MALMSTROM AIR FORCE BASE, Mont. — When it comes to ensuring the United States’ intercontinental ballistic missiles are ready at a moment’s notice, an essential piece to the puzzle is proper maintenance on its communications network.
This is where the 341st Missile Maintenance Squadron Missile Communications training section comes into play.
Using a one-of-a-kind training vault, personnel are able to provide a realistic training environment to better prepare missile maintenance Airmen for what they will experience in an actual launch control center (LCC), as well as the wires and conduits stretching across the 13,000 square miles of Montana real estate the missile fields cover.
“Each base has their own trainers, but periodically we have hosted folks from Vandenberg Air Force Base (California) here for some special training,” said Bernie Marinaccio, a 341st MMXS missile radio instructor. “They’ll come here because we have the better trainer over the other two (missile) bases.”
The training facility was made possible by utilizing parts and equipment left over from the decommissioned 564th Missile Squadron. The result is a near-replica of an LCC, complete with almost all of the functioning communications systems, ranging from radio to hard-wired communications found in the field.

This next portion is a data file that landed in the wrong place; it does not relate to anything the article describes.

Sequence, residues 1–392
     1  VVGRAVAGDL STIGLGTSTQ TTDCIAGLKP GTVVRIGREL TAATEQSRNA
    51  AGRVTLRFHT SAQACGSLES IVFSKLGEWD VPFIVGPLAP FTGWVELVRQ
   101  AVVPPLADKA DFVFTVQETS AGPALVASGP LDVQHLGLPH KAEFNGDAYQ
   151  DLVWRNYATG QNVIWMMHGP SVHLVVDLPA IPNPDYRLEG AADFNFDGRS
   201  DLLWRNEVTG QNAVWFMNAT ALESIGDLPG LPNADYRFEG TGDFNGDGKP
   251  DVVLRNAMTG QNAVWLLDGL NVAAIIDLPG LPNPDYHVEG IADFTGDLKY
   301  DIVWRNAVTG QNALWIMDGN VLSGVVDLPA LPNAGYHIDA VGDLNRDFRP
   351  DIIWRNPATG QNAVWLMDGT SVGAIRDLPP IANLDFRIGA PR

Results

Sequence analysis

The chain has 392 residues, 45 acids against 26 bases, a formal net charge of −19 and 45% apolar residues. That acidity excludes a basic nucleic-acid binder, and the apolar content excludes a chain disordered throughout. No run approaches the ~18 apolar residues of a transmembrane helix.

“It’s still a work in progress and there’s still a lot to do, but we have four of our five communications systems operational in our trainer,” Marinaccio said.
By using an on-base trainer, it reduces trips to the field, thus limiting the time missions are put on hold. This keeps LCCs active for longer periods of time, while still providing critical training.
“The more we can do on base, the better quality training we can give (missile communications members),” said Bob Fick, a 341st MMXS missile satellite instructor. “We don’t have a time limit; we’re not interrupting an operational mission, so we can take our time and explain things better.
“It’s just a better scenario,” he added.
Because of new demands on the maintenance personnel, training days for new members of the squadron have jumped from 80 to 120 days, cramming in extra proficiencies and combining jobs done previously by other shops, making each technician a more vital asset.
“We have taken on about another 100 (training) tasks within the last six months,” Fick said. “They determined that it would be better for us to do the whole mission, much like the old communications squadron did.”
Previously, it would have required lengthy trips to the missile field, but having an on-base trainer allows Fick and Marinaccio to rapidly educate 341st MMXS members on the new tasks, reducing training time significantly, and improving and bulking up the force of ready maintainers.
The trainer is constantly being improved and added to, with a major addition expected to be completed later this year.
“There’s another big piece to the puzzle, which hopefully we’re going to get completed in the spring,” Fick said. “There is one task that we cannot do on base — a periodic servicing of an antenna. If we get that set up here as a trainer, all the guys that weren’t able to be involved in the training last year out in the field, we’ll be able to train them all on base.”